The invention is further illustrated by the following, non-limiting examples.
Mouse thrombopoietin was prepared using transfected baby hamster kidney cells (BHK 570 cells, ATCC CRL 10314). Serum-free medium contained 145 kU/ml of TPO activity, wherein 10 units are defined as the amount of TPO giving half-maximal stimulation in a mitogenesis (3 H-thymidine incorporation) assay using BaF3 cells transfected with an expression vector encoding the human MPL receptor (Vigon et al., Proc. Natl. Acad. Sci. USA 89: 5640-5644, 1992) as target cells. BaF3 is an interleukin-3 dependent pre-lymphoid cell line derived from murine bone marrow (Palacios and Steinmetz, Cell 41: 727-734, 1985; Mathey-Prevot et al., Mol. Cell. Biol. 6: 4133-4135, 1986). Cells were exposed to test samples in the presence of 3 H-thymidine. The amount of 3 H-thymidine incorporated into cellular DNA was quantitated by comparison to a standard curve of human TPO. Mouse TPO samples were effective in colony forming assays in a range of approximately 100-400 U/ml. In vivo activities were seen in the range of 20-40 kU/day in mice. For in vivo experiments, TPO was diluted to the desired concentration in endotoxin-free phosphate-buffered saline (PBS) and administered as intraperitoneal or subcutaneous injections.
Female Balb-C mice (age range 8-12 weeks) were obtained from Broekman B. V. (Someren, The Netherlands) and fed commercially available rodent chow and provided with acidified water ad libitum. Transplant recipients were maintained in a pathogen-free environment and provided with water containing ciprofloxacin at a concentration of 1 mg/ml, polymyxine-B at 70 μg/ml, and saccharose at 2 g/100 ml.
Recipient mice were placed in a polymethylmeta-acetate box and lethally (8.5 Gy) irradiated using a Philips SL 75-5/6 mV linear accelerator (Philips Medical Systems, Best, The Netherlands). Irradiation was divided in two parts in posterior-anterior and anterior-posterior position, at a dose rate of 4 Gy/minute. The mice were transplanted with 105 bone marrow cells from steady-state donor mice. Transplantation was carried out within four hours of marrow harvesting. Groups of 5 recipient mice were treated with TPO at a dose of 20 kU/day intraperitoneally (i.p.) on days 1-5, 3-8 or 3-12 after transplantation. Control animals were transplanted with an equal amount of marrow cells and given saline at similar time intervals after transplantation. In comparison with saline-treated control recipients, TPO administration did not result in accelerated platelet reconstitution. A dose of 30 kU/day administered subcutaneously (s.c.) on days 1-14 was also ineffective in accelerating platelet recovery. No effects were seen on reconstitution of white blood cells or red blood cells.
In a second set of experiments, donor mice were treated with TPO for five consecutive days at a dose of 20 kU/day i.p. per mouse. At day 5 the mice were sacrificed, and blood, bone marrow and spleens were harvested. White blood cells, red blood cells and platelets were counted on a Sysmex 800 counter (TOA Medical Electronics Company, Kobe, Japan). TPO treatment induced a 2.5-fold increase in the numbers of platelets, but had no effect on the numbers of white blood cells or red blood cells.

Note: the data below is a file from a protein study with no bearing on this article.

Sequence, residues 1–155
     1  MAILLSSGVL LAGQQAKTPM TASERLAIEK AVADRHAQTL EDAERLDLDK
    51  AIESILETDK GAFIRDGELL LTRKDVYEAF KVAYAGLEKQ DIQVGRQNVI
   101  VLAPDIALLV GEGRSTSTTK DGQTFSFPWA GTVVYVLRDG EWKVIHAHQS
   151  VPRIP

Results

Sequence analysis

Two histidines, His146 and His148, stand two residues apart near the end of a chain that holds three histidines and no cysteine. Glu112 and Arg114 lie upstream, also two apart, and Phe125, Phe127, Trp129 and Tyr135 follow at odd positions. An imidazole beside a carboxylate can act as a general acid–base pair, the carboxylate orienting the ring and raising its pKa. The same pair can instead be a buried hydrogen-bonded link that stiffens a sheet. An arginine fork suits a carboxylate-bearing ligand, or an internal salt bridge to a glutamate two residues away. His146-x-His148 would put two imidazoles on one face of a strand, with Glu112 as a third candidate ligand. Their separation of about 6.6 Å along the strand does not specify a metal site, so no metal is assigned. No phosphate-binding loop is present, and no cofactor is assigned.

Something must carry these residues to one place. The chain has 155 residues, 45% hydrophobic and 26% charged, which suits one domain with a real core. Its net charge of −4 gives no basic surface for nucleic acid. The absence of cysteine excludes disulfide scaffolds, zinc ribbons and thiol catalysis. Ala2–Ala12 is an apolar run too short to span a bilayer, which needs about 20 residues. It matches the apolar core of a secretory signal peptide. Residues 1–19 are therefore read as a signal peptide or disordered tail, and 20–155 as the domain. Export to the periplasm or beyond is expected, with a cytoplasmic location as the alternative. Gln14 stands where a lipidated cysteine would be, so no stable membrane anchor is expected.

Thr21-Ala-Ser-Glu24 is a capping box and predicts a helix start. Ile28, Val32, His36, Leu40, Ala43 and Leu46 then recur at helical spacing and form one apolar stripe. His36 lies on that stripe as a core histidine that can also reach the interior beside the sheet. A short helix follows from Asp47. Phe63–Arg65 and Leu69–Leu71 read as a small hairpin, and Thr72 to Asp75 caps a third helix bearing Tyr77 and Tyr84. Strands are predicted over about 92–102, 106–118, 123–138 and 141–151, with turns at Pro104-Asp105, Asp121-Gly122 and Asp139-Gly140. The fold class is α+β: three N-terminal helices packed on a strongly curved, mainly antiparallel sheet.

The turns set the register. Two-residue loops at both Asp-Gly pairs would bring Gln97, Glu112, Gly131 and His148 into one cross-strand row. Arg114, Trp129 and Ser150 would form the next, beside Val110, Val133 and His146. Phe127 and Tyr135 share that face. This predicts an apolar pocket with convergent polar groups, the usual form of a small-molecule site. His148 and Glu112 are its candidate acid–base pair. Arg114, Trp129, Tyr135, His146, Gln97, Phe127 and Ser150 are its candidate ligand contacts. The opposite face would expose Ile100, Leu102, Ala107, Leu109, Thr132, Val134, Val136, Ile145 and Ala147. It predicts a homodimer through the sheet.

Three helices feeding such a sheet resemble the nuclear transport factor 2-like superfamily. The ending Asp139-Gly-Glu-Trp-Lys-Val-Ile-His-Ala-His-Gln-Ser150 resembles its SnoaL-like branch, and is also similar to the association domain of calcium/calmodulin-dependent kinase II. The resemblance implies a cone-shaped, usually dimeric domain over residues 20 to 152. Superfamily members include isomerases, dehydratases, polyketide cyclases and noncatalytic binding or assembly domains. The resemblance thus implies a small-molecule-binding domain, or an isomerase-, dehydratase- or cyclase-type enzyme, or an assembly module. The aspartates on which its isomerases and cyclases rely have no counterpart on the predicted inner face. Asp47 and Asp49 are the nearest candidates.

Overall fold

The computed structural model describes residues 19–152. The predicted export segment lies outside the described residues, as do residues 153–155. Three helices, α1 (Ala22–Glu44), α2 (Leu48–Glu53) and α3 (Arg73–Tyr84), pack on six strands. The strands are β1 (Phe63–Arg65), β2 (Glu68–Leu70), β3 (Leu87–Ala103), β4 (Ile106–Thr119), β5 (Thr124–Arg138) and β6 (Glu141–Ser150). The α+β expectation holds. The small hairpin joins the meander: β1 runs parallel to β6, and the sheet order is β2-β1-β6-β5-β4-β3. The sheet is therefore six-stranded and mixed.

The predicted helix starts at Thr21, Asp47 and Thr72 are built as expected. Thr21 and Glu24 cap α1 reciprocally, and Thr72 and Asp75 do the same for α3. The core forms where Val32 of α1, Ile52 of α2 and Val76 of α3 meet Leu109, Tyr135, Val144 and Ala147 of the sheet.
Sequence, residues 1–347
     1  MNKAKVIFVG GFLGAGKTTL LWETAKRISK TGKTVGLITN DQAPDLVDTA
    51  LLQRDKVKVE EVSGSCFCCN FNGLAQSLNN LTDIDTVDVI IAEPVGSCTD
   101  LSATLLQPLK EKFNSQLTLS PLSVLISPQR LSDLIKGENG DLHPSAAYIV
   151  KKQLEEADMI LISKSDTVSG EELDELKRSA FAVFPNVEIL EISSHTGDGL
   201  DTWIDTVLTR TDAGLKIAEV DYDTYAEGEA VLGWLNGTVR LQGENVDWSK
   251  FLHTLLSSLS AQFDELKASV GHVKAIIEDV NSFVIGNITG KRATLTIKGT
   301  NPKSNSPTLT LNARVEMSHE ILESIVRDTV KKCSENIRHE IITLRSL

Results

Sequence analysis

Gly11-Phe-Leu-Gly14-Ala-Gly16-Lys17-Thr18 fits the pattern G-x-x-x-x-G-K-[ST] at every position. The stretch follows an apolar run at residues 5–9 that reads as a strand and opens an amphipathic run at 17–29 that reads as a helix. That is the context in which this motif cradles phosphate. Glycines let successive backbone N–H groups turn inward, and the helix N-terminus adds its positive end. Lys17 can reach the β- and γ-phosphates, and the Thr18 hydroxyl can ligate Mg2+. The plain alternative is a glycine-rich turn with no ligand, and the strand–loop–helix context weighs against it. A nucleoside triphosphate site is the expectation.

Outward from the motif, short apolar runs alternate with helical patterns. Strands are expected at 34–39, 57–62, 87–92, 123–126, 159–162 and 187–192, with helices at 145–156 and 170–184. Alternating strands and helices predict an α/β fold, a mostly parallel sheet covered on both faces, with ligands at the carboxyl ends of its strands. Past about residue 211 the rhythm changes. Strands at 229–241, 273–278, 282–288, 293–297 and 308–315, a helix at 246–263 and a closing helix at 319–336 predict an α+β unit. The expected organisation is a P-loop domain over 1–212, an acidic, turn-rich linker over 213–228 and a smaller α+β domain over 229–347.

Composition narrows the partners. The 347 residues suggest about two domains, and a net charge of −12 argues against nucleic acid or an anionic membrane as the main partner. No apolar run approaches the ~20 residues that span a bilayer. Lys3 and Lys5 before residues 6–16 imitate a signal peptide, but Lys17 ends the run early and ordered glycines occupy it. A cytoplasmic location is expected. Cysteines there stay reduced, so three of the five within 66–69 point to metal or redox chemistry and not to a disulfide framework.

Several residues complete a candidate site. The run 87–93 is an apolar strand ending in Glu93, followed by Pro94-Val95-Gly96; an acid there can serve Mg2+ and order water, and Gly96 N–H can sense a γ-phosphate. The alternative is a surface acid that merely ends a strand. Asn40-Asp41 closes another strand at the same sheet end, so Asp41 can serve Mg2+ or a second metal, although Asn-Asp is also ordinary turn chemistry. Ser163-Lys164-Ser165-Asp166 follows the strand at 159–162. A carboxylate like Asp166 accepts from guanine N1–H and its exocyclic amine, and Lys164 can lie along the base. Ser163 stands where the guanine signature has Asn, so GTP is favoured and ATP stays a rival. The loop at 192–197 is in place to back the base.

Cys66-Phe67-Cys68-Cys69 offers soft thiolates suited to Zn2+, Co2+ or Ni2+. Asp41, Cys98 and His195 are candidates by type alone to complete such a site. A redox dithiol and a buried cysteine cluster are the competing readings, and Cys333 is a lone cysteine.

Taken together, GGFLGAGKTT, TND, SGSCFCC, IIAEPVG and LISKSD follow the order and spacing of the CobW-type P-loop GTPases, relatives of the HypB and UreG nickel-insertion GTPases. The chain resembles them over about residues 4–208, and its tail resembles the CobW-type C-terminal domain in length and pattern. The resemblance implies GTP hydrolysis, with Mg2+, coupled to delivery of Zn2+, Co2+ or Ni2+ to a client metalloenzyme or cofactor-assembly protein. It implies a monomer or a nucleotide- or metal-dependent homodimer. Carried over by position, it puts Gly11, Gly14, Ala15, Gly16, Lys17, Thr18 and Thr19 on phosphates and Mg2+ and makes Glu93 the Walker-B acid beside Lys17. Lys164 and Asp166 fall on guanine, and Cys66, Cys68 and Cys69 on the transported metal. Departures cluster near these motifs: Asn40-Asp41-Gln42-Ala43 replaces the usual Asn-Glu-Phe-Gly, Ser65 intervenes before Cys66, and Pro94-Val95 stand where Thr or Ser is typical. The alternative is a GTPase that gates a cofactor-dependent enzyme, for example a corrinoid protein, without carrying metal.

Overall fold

Progenitor cell levels were also determined in the TPO-treated donor mice. Bone marrow cells were harvested by flushing femurs under sterile conditions with RPMI 1640 containing 500 μg/ml penicillin, 250 μg/ml streptomycin, and 2% fetal bovine serum (FBS) (GIBCO BRL, Gaithersburg, Md.). Single-cell suspensions of the spleens were prepared by mashing the organs and washing once with RPMI 1640 containing 2% FBS. To determine colony forming units, CFU-GM were cultured according to published procedures (Fibbe et al., J. Immunol. 148: 417, 1992). Briefly, bone marrow cells were cultured in microtiter plates containing 104 cells/well in semi-solid medium in the presence of murine GM-CSF (1.25 ng/ml). Peripheral blood mononuclear cells and spleen cells were cultured in 3.5 cm dishes containing 5×105 cells/ml and 106 cells/ml, respectively. Cells were cultured in a fully humidified atmosphere at 37° C. containing 5% CO2. After 6 days of culture the number of colonies (defined as aggregates of >20 cells) were scored using an inverted microscope. The CFU-mix assay was performed in an identical fashion in 3.5 cm dishes in the presence of a combination of 1.25 ng/ml recombinant murine GM-CSF, 2 U/ml recombinant human EPO, 25 ng/ml recombinant murine IL-3, 5% transferrin, 5% bovine serum albumin, 5% 10-3 β-mercaptoethanol, and 7.5% Iscove's modified Dulbecco's medium (IMDM). After 6 to 7 days of culture at 37° C. in a fully humidified, 5% CO2 atmosphere, the number of colony forming cells was scored using an inverted microscope. TPO treatment resulted in increased numbers of colony forming units (CFU) and BFU-Es in the bone marrow or spleen in comparison with saline-treated controls (Table).